Normally earthquakes are detected with sensative instruments, under the care of trained seismologists. Now with the Twitter API the ability to detect and report quake locations may fall into anyone's hands.
Using Twitter's advanced search, one can search for keywords, such as "earthquake," within a specific location. The same can be done programmatically through the API. And the United States Geological Survey has a project that does just that.
Paul Earle heads up the project and he explained why it's important, even to seismologists, in an interview with ecopolitology:
"For felt earthquakes in populated regions, Twitter reports often precede the USGS’s publicly-released, scientifically-verified earthquake alerts. For earthquakes in sparsely instrumented regions, these detections could provide an initial heads up that an earthquake may have occurred."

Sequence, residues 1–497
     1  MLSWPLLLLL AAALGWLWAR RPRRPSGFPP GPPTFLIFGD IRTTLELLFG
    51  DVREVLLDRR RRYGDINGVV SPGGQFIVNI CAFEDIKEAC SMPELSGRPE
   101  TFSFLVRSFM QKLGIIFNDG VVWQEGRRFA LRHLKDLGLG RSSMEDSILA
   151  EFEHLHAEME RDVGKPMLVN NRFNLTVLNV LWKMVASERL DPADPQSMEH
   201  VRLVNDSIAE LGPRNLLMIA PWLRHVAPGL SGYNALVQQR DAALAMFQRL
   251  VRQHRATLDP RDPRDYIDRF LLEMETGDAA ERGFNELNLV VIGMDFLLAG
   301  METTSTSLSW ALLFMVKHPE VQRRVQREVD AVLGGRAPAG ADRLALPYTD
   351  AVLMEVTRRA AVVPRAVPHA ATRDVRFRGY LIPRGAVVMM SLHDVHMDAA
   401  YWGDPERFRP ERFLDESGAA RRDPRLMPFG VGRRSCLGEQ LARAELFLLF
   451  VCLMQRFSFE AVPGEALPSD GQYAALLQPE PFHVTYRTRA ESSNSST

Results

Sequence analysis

Recent earthquakes in California and Haiti were spotted and reported via the project's Twitter account (of course). It's not meant to replace a full scientific analysis, as ecopolitology notes:
Also, most 'quake-centric' tweets will generally lack a ton of hard data, instead falling into the 'qualitative data' camp. These are usually personal reactions, quick recollections and little bits of narrative that can help capture descriptive dimensions of earthquakes that hard scientific data might not adequately capture.
In terms of speed, nothing seems to do a better job than Twitter. And you'd naturally expect Google to get in on anything related to quickly spreading the world's information. The company told CNet it integrated Twitter into search results about last week's San Francisco quake in under two minutes.
Hat tip: @timoreilly